HobbyKing sells a low budget DIY FPV mask under the Quanum brand. I liked the idea of using a display with a lens in front of it. The picture is so much more immersive than with FPV googles. And the low price is a huge bonus too. But there are things with the Quanum mask that suck. The screen is ultra low resolution. The mask uses a Fresnel lens which makes it impossible to obtain a sharp image. Fresnel lenses are unsuited for use in anything close to the eyes. High magnification reading glasses provide better sharpness, but are not so easy to mount in the Quanum mask.
There were a few 3D-printed mask designs available, but none of them allowed for using reading glasses. They also seemed rather heavy. As a result I decided to build my own mask out of foam and 3D-printed parts.
Instead of cutting out the main body parts from foam, I decided to buy them ready made from http://flyingwings.co.uk/fpv-uav/fpv-eco-goggles.html. The parts turned out to be of high quality and made out of very durable black foam. I highly recommend using these rather than cutting or printing your own. It is possible to use up to a 5 inch 16x9 screen.
I then designed the 3D-printed parts needed to mount a three point head band, reading glasses, cabling and the screen to the mask.
I am using a Boscam FR632 receiver. I have designed a holder for it that can be found here: http://www.thingiverse.com/thing:788540
I used 4x reading glasses that I bought locally in Sweden at Clas Ohlson and modified by cutting the frame. I am sure that it will be possible to find similar glasses pretty much everywhere.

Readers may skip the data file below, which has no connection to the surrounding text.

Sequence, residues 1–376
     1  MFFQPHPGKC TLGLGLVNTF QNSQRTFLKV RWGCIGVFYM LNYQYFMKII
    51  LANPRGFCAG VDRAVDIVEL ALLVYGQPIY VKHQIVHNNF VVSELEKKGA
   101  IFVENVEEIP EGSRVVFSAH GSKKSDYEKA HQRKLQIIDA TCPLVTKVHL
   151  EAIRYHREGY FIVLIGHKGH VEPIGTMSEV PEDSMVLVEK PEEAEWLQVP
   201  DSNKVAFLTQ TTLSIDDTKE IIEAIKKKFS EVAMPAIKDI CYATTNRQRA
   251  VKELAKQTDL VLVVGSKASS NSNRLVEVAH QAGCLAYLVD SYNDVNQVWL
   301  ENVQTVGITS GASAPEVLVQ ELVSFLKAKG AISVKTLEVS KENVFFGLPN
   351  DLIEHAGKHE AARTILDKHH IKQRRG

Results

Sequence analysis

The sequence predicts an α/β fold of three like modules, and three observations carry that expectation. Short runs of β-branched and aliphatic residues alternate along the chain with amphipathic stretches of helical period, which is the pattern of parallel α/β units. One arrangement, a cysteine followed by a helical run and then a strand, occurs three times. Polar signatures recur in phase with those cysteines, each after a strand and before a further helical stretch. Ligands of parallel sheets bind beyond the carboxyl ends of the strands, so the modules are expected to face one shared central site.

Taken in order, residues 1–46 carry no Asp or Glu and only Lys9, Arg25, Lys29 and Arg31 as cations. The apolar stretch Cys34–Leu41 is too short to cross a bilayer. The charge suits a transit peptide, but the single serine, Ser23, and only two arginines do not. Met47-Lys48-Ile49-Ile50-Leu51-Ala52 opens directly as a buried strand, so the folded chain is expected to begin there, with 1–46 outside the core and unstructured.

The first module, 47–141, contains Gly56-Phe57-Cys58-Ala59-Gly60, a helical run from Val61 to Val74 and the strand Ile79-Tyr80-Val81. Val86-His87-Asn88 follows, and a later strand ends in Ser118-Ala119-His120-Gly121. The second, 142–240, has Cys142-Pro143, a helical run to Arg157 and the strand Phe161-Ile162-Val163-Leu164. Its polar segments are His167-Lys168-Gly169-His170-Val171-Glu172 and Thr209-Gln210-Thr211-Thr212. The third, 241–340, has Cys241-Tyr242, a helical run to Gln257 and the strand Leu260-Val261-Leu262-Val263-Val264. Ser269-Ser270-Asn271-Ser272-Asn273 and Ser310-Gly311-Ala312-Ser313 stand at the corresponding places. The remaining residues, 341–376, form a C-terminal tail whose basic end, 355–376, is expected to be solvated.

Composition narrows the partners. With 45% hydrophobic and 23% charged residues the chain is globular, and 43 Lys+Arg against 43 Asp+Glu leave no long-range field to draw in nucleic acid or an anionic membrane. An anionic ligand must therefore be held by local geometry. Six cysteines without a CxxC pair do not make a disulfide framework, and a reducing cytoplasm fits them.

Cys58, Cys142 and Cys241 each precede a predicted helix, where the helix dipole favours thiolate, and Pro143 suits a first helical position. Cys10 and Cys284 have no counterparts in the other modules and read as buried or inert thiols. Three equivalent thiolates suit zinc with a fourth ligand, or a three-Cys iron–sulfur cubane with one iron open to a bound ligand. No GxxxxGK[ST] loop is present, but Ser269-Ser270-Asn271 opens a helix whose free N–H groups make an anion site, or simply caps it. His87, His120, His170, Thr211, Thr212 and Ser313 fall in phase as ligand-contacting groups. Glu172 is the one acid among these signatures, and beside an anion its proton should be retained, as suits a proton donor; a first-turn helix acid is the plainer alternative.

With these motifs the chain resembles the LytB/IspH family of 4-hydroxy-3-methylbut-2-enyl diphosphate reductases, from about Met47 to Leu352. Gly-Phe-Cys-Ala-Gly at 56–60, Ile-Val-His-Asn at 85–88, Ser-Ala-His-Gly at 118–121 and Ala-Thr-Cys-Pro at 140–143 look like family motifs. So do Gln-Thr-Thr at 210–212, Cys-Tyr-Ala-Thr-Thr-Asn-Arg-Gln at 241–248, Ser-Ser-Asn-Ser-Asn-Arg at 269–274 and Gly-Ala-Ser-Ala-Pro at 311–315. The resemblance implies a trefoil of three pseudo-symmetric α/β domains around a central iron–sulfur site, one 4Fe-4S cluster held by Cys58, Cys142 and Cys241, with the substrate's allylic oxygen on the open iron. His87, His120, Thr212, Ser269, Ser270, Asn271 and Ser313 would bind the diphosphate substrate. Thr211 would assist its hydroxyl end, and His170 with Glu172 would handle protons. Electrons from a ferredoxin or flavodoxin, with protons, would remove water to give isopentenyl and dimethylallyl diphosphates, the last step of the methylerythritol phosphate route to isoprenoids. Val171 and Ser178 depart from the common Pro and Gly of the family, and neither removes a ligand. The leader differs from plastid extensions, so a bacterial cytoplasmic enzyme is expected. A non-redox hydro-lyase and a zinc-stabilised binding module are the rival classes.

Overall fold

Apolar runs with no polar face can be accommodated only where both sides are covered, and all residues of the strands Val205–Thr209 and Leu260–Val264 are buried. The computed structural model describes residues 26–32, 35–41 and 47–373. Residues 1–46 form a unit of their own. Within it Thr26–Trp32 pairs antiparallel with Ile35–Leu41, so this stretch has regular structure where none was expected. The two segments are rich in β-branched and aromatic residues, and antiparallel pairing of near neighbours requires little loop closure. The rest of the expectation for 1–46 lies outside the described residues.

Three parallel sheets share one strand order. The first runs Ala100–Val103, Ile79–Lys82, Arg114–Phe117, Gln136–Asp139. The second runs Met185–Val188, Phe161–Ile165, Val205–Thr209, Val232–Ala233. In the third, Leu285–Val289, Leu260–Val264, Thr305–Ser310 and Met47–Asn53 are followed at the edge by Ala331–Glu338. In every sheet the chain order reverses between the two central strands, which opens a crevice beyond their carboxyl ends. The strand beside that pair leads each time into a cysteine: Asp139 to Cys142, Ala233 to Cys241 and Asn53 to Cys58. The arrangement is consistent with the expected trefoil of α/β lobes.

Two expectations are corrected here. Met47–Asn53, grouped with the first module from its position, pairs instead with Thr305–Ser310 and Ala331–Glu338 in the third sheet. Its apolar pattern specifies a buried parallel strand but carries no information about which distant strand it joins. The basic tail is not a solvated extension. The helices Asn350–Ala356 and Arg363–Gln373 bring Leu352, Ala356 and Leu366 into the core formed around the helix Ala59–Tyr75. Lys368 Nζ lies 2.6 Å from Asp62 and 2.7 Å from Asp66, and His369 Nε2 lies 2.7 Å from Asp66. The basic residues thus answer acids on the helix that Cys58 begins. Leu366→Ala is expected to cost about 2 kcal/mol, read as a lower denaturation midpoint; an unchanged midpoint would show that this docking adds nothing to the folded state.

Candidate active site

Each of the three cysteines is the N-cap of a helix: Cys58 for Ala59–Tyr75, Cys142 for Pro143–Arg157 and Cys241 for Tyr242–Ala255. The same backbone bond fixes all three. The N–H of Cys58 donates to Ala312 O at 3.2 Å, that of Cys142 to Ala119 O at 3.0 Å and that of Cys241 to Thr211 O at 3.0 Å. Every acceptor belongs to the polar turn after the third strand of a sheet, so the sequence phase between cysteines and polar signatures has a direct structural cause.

The screen I used is a 5 inch variant with 800x480 resolution. This particular screen does not go into bluescreen mode when the signal is low, which is a must for FPV.http://www.banggood.com/Blue-Sky-5-Inch-HD-Digital-Panel-Display-800x480-Snowflakes-Screen-p-970382.html
I am providing alternative mask fronts both for the screen I used and a generic variant that can be used with any screen by manually cutting out a hole to make it fit. The only modification to the screen is that I drilled two holes in the back plate for the cabling and replaced the original clumsy cables. I made a back cover for my particular screen that hides the cable holes.
The head band is made from a 2 inch (5 cm) elastic belt.
Total cost for the mask (not including the receiver) was about 60 Euro. My 32 channel diversity receiver was another 60 Euro. But you can find 8 channel 5.8 GHz receivers for well under 20$ today, which is kind of amazing.
All parts are small enough to fit on a 15x15 printing bed.